August 12, 2011 by Nicole
One thing about Facebook that I absolutely love is that it enables you to get in contact with people you haven’t seen in ages and whom you would otherwise probably never see again. One of my old college buddies happened to be on Facebook and we spent about two hours catching up on old times–in some ways it was just like the good ole days when our little group used to hang out in someone’s dorm room and sit and talk until the wee hours of the morning.
One thing that I particularly admire about him is that he is the kind of guy who is a good friend but is also a good Christian. On one hand, I am very lucky in that I am married to a pastor. On the other hand, it’s also a very rare gift to have someone else in your life with whom you can talk about your relationship with God, whom you’re praying for, and your own convictions about your faith. I think I can count on one hand the number of people to whom I have felt close enough to talk about the intimate relationship I have with God and his Son; I was blessed to have met a few of them while on pilgrimage to Lourdes–one of whom just called me out of the blue last week to say hello.
Part of the challenge that I find, at least for myself, is that I am often conflicted about how to “witness” to others the love I have for my Heavenly Father and His Church. Usually, I employ the “preaching to the choir” method. It’s easy to open up in a church amongst other Christians because you all believe the same thing, for the most part. But it occurs to me that while it is important to share this with our fellow Christians when we see that their faith needs some reenergizing, it’s hard to do this same thing for others who aren’t necessarily like us.
The reason that the thought crosses my mind is that on my way home to visit my family up north, I was listening to Rick Warren’s audiobook of The Purpose Driven Life. He is a very brilliant man who speaks of God’s purpose for our lives, and he speaks about the importance of sharing our faith with those who need a spiritual kick in the pants or who drift away from God. When I think about my own ability to “witness,” the Catholic in me experiences extreme anxiety. Us Catholics are, after all, a fairly introspective lot. If you don’t believe me, try having a conversation with someone in the minutes before mass begins–odds are you will get shushed. 🙂 For us, that time is very important because our worship begins the moment you walk into God’s house and prepare to celebrate His mass. You walk into the church, find a pew, pull down the kneeler, and get on your knees and get with God. It’s a very beautiful part of our worship tradition (You can imagine my shock the first time I visited my husband’s church where people were chatting with each other rather than sitting quietly waiting to begin the service. It still takes some getting used to.).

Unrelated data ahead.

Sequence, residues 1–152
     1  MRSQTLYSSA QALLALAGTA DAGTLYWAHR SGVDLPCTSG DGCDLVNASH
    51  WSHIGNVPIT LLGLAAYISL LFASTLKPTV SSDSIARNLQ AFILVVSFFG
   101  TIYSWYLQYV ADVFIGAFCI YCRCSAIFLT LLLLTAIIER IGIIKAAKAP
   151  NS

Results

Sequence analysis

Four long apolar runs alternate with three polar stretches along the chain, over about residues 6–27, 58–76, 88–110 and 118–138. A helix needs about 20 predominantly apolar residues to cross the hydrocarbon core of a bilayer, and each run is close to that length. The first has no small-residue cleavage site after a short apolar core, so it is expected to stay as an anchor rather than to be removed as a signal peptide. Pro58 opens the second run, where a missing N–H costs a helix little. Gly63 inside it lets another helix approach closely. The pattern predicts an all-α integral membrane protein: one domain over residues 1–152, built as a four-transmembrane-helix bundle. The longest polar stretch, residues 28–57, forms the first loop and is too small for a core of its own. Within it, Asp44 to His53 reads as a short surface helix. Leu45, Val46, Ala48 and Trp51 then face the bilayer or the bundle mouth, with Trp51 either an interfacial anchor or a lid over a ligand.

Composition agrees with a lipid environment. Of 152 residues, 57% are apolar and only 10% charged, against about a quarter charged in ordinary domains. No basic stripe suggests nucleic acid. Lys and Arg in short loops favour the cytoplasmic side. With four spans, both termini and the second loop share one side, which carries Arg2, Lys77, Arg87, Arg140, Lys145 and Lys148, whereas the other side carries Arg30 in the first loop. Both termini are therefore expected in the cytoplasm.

While I always kind of suspected that sharing my faith with others was important, I came back from Lourdes with so much joy and love that I began thinking about how great it would be if everyone could experience what I did. Honestly, I have no idea how to share my faith more openly with others in a way that feels “right.” On one hand, I returned from Lourdes feeling like David did–I want to dance in the streets and sing about the Lord (which would probably get me locked up somewhere) and the great things he has done for me. But the mere thought of walking up to someone and saying “Do you love Jesus?” or “Do you know the Lord?” makes my hair stand on end. Okay, to be honest, it literally makes me cringe. On the other hand, it’s part of what we are called to do as Christians.
You see my dilemma.
So, I think that I have come up with a fairly doable plan, and I think that St. Therese (Affectionately nicknamed “The Little Flower”) is a really excellent model of how to do this for those of us Catholics who struggle with the idea of witnessing and evangelizing–which, incideantally, is part of the mission of the Paulist Fathers with whom I worship. St. Therese is perhaps best loved and revered for her “little way.” She always felt that the best way to honor God was not necessarily by doing something grandiose and spectacular, rather to honor Him by doing the small and ordinary things that God puts in front of us every day–things like household chores, showing kindnesses to others, and the like. It’s beautifully simple in its concept.
What it means for me is that I can witness in very small ways that are easily within my reach. I can talk about how much I love being a Catholic Christian; I can share my experience at Lourdes with people who want to know how my “vacation” was, I can tell people the ways in which I feel that God has blessed me, how much I admire my husband’s commitment to his call as a pastor and his Faith in God, and I can tell people who are always shocked/curious about how a Catholic and a Baptist can love each other and how we share our faith, not to mention what that has taught me about not only being a Christian, but the importance of Christian unity. And that, incidentally, always leads to a dialouge about who God is and why I think He’s pretty cool.
Not a single one of these things, at least from my own experience, is off-putting or preachy to others. I recall, for instance, a few conversations I had with former students over the course of the last semester whom I used to chat with while waiting for others to arrive and the class to start, who asked me a lot of questions about these particular issues just because they were curious and interested. I always marveled at how such a small and simple thing like that afforded me an opportunity to share my own faith with others without abusing my position as an authority or trying to push and agenda on anyone (Which is super important when you are a teacher.).
Hey. If I can do it, so can you.